Tracking change in one’s self can be a bit of a stumbling block at times. How can I know when I’ve underwent a change? Is there any sort of clear sign that I’ve changed directions, or is it much more subtle that one day I wake up to find myself unsure of many of the ideas and things that I held dear previously? This is something that I’ve been grappling with on both a personal and professional level of late.
Personally because of the birth of my two boys, professionally because personal growth is linked directly with growth and change as a writer. Not only have I focused on some of the holes in my writing, but story concepts and what I tend to focus and and treat as important has changed drastically. This year has been quite a year for a lot of this change considering that it’s an election year and perhaps one of the oddest, most contentious that I’ve seen in my life thus far.
Breaking things down to simply “liberal” or “conservative” feels crass to me, because there’s so much more to life than either A or B, and there always has been. When it comes down to it, do I favor one side? Absolutely, but this election in particular feels a lot less about that binary choice and instead an ideological landmine. The one side of the coin represents the resurgence in neoliberalism, which may indeed have some merits and shared concepts with the core of liberalism, but a lot of deviance from the core tenants and things that I surely don’t support. The other represents a whole plethora of things which is almost difficult to unwrap at times.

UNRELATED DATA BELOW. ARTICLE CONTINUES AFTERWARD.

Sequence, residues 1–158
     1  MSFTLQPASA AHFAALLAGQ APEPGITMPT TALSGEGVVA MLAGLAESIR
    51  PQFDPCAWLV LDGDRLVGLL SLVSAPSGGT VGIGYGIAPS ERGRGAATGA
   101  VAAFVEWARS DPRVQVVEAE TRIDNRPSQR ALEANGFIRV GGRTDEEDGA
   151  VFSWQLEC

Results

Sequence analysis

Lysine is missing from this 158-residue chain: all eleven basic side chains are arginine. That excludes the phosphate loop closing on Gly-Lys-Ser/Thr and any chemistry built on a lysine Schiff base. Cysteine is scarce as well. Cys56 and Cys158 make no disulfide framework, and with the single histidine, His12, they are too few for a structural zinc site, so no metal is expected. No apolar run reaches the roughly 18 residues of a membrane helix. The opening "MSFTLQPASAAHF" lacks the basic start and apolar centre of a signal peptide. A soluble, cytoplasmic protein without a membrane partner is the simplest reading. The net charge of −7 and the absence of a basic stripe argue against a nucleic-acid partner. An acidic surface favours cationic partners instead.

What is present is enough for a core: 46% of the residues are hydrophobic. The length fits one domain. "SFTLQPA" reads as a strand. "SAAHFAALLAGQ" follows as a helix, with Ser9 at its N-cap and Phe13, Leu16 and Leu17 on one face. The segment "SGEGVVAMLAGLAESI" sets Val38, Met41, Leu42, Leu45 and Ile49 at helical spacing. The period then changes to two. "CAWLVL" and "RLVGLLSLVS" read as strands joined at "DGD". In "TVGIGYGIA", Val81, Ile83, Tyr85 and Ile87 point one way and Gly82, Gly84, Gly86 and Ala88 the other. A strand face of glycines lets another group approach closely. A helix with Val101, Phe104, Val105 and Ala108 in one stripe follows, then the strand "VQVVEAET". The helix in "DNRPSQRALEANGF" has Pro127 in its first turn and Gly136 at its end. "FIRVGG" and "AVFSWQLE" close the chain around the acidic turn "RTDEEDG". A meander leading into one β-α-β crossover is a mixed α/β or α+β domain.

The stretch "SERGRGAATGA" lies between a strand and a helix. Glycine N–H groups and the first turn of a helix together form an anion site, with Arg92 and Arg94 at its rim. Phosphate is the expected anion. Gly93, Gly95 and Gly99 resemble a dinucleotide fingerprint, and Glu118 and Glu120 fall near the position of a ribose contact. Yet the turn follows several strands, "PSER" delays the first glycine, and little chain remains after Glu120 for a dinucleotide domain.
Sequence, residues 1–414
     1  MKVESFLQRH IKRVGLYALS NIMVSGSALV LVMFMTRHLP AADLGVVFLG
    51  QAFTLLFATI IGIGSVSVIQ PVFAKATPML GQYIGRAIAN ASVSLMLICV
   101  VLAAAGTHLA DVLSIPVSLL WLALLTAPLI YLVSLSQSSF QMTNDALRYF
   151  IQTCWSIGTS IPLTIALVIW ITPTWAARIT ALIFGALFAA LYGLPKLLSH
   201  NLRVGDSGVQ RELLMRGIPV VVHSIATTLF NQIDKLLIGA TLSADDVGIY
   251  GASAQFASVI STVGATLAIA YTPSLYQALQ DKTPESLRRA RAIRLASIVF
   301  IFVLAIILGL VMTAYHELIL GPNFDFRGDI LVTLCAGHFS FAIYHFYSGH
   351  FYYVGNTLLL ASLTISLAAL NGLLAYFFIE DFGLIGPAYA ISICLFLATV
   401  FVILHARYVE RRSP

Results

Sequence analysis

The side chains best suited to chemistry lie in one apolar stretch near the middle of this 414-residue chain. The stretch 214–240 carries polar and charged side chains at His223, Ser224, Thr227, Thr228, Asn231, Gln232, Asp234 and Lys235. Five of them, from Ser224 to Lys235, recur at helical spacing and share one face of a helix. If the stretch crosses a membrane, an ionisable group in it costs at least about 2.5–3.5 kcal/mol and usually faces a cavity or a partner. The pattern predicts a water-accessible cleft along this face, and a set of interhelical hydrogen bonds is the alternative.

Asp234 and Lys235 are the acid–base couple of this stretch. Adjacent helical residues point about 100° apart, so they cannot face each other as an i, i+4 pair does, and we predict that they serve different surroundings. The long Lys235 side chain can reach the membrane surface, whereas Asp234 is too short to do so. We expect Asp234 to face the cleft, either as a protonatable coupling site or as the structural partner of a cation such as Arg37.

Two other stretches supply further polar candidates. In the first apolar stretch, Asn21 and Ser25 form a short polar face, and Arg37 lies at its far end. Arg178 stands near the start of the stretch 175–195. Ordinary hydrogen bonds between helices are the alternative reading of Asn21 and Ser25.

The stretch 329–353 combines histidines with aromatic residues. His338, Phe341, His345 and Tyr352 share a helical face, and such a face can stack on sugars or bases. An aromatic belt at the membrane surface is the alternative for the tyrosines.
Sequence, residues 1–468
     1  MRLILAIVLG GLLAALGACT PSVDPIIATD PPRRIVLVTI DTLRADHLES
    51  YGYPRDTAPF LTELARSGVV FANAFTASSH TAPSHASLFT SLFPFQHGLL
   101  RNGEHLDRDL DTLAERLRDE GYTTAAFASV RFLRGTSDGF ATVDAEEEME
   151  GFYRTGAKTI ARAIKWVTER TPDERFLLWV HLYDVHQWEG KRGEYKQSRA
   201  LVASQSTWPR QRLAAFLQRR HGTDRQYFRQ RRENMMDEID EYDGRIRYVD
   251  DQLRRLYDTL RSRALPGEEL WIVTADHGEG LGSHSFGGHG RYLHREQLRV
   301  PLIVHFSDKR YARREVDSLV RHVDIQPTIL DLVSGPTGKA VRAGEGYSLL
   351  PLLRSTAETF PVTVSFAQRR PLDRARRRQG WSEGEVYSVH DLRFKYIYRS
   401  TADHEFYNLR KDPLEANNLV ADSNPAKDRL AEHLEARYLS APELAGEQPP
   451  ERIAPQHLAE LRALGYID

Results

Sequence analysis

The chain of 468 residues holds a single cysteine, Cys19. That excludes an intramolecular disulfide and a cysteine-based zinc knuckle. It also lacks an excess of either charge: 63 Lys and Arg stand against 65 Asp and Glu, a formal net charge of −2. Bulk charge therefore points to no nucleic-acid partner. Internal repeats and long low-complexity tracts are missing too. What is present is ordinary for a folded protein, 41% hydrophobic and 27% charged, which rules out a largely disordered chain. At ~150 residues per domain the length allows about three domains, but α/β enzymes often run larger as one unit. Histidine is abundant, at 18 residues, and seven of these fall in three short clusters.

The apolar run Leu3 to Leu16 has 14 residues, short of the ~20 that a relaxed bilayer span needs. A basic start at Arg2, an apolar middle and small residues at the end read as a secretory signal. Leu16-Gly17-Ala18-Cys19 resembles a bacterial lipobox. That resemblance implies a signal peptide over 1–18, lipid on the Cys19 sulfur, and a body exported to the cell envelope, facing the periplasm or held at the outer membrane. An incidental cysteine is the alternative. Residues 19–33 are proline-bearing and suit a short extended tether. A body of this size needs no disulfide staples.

Voting for one side means letting corporations continue to reign supreme in this the age of Late Capitalism, but it also means continuing important social services, the rights of women, people of color, LGBTQA+ people, religious folk outside of Christians or Jews and many, many other things. On the other hand, it also means that the war machine will have no end in sight and siding with what has proven itself unable to defend off the claims of being “crooked” because, at their core, they are simply working a system that is broken much like many before them, but they know that most of it is shitty.